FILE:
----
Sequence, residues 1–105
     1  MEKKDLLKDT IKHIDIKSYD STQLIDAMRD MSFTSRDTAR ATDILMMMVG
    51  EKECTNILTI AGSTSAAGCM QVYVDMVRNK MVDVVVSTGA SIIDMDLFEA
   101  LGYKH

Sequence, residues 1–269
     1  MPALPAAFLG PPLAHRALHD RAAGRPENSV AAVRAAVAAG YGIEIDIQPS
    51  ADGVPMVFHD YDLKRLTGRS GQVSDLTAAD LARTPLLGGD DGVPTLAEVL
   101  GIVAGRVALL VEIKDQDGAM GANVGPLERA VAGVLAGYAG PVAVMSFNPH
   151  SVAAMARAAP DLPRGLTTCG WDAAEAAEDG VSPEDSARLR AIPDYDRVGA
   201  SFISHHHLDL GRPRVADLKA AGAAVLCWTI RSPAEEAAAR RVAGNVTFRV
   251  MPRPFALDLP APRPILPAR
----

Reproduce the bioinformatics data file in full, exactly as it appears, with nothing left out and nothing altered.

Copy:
Sequence, residues 1–105
     1  MEKKDLLKDT IKHIDIKSYD STQLIDAMRD MSFTSRDTAR ATDILMMMVG
    51  EKECTNILTI AGSTSAAGCM QVYVDMVRNK MVDVVVSTGA SIIDMDLFEA
   101  LGYKH

Sequence, residues 1–269
     1  MPALPAAFLG PPLAHRALHD RAAGRPENSV AAVRAAVAAG YGIEIDIQPS
    51  ADGVPMVFHD YDLKRLTGRS GQVSDLTAAD LARTPLLGGD DGVPTLAEVL
   101  GIVAGRVALL VEIKDQDGAM GANVGPLERA VAGVLAGYAG PVAVMSFNPH
   151  SVAAMARAAP DLPRGLTTCG WDAAEAAEDG VSPEDSARLR AIPDYDRVGA
   201  SFISHHHLDL GRPRVADLKA AGAAVLCWTI RSPAEEAAAR RVAGNVTFRV
   251  MPRPFALDLP APRPILPAR